Monday, January 26, 2009


Date: Jan. 24 and 25
Mileage: 11 and 42.2
January mileage: 686.7
Temperature upon departure: 16 and 15

Frost had started to form on my sweat-soaked hair as I heaved my bike over a four-foot cliff and stepped gingerly onto ice-coated roots to climb up beside it. I gasped and grunted and pushed the bike's rear wheel forward while I clawed at petrified snow with my bare fingers. I stopped to catch my breath and look up at the trail - a continuing series of steep "steps" just like it. As a hike, the lower portion of the Mount Jumbo trail is a relaxing jaunt through the woods to gain 500 feet in a half mile. Throw in a big, awkward bike, and it becomes quite the grind.

But I knew it was all worth it because at the top of that small climb lay the Mount Jumbo muskeg - a fairly large area of stunted trees and open space that was, for now, covered in the most ideal kind of concrete snow. The kind of snow that's so smooth and icy hard that you don't even need a packed trail to ride your bike. You can go wherever your heart takes you. You can weave through trees, circle up a hill and back down, lock up your brakes and spin donuts. You can do anything you want. The world is your trail.

As I crested the last pitch, I set my bike down at the edge of the muskeg and wavered a second. I took a deep breath. I thought of Ken Kifer. Ken Kifer was a prolific Internet author and career bicycle tourist who was tragically killed by a drunk driver in September 2003. Back in 2002, when I was barely a skilled enough cyclist to keep two tires on the road but aspired to become a long-distance bicycle tourist, I considered Ken Kifer my mentor. I read his extensive site from start to end and e-mailed him for advice, which he was always kind enough to give. One anecdote that particularly resonated with me was an exchange — of which I'm sure he had dozens like it — with a person who questioned how a 50-something-year-old man could afford to devote so much time to traveling by bicycle.

"I've never had much money," Ken replied, "so I've never had much need for it."

The doubter scoffed. "Well, I wish I could ride my bicycle all the time."

To which Ken replied, "Why don't you?"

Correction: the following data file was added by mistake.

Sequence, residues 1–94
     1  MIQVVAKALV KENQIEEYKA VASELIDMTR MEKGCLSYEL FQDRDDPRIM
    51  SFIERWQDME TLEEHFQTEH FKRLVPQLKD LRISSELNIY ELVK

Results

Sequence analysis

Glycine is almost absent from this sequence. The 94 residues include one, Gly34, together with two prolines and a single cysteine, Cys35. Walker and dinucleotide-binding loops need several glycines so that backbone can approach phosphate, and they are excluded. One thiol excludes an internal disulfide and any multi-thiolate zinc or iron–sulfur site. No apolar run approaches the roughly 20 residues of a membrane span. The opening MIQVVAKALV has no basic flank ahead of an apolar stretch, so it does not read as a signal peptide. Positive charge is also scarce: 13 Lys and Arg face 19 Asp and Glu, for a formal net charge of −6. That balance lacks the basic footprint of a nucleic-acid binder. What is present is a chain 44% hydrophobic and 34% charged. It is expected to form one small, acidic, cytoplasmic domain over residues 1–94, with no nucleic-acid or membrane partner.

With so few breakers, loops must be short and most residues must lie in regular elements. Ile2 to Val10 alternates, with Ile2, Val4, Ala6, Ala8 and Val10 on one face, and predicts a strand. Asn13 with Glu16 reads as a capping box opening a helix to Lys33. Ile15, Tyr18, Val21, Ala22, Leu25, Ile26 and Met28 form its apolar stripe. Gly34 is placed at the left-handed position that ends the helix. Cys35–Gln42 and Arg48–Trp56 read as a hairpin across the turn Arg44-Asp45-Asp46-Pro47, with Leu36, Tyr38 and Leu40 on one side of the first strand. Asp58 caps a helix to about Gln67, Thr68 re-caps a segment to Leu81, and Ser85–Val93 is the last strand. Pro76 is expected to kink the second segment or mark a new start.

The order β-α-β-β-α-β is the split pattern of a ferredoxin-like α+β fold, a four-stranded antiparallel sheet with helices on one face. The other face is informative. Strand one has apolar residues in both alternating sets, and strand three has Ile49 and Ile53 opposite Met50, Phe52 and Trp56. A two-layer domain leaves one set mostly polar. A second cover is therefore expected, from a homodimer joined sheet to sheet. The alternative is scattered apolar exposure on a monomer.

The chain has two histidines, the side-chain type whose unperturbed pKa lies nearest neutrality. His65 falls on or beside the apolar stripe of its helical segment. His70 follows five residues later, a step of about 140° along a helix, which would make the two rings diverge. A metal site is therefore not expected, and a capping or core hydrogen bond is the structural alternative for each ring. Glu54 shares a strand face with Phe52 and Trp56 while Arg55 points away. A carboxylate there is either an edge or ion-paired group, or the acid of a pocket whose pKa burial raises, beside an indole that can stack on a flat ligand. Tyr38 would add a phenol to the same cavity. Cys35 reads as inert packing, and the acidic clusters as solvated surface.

Ken's words struck deep as I moved to make major changes in my life in 2003 - quit my job, explore Alaska, ride my $300 Ibex bicycle across the country. I wanted to live my life like Ken. I wanted to earn miles, not dollars. I wanted to to accumulate experiences, not stuff. Not because miles and experiences are necessarily superior to dollars and stuff, or even mutually exclusive. But I was enamored with miles and experiences. I did not care about dollars and stuff.

This simple truth creeps back in as Geoff and I discuss our future. We have, for a while now, been formulating our exit strategy to leave Juneau. We wanted to move back to Southcentral Alaska, a more centralized, less-isolated region from which to conduct future adventures. There are, of course, many pros and cons to shifting from Juneau to Anchorage. But it was easy to think about back in September, when the rain never stopped coming and the promise of endless opportunity loomed large around the big city. Then the economy landed in the toilet, the newspaper industry settled even lower, and Geoff and I started to talk about not only leaving Juneau, but going away, for six months or so .... Out ... to briefly let go of our grip on dollars and stuff in the pursuit of miles and experiences.

The more we talked about it, the easier and more appealing it sounded. The terrible economy actually pushed our drive. "I've never had much money," I pictured myself saying to concerned family members, "so I guess I don't have much need for it." I gave notice to my employer some months ago. I thought a long resignation notice would give them the time they needed to make the transition as smooth as possible, and possibly give me a bridge back if I needed it, once my dollars and stuff dry out. Instead, the long notice has given them ample time to try to prevent the exit altogether. My new boss, a driven reformer whose workaholism I respect because I believe work is what he truly loves, told me, "I'll give you an offer you can't refuse." I was offered a raise, which I refused. I was offered a better raise, which I refused. Then my boss came back recently with a promotion - a big one - and a raise - a startling one. I would have to work 60 hours a week under my current salary to earn it. "I'll even give you a month of unpaid leave for your race," he said.

The promotion would be salary pay instead of hourly pay. I strongly suspect my 40-hour workweek would eventually increase, possibly significantly. I would be working days, which wouldn't just put a dent in my current cycling adventure habits. It would put them in a shredder. Except for the brightest months of summer, I would either have to ride a lot in the dark, a lot indoors, or quite a bit less than a lot. Much in my life would change, but many parts, maybe not the best parts, would stay the same.

And yet, I have temptations. I have doubts.

In many ways, I feel like I have been pushing my bike up the Mount Jumbo Trail for several years now. Sweat is frozen to my hair and I'm gasping for air, but through the last row of thick forest I can see that frozen muskeg, smooth and inviting and glistening in the noon sun. Only now I face a choice. I can set out onto the frozen muskeg, ride wherever I want to ride, go wherever I want to go, on seemingly endless but actually finite trails of my own making. Or, I can continue on the same steep forest trail, pushing my bike further up the mountain, with the hope that there is something even better up higher.

I'm fearful because I don't know where I should go.

I'm even more fearful because I think maybe I do.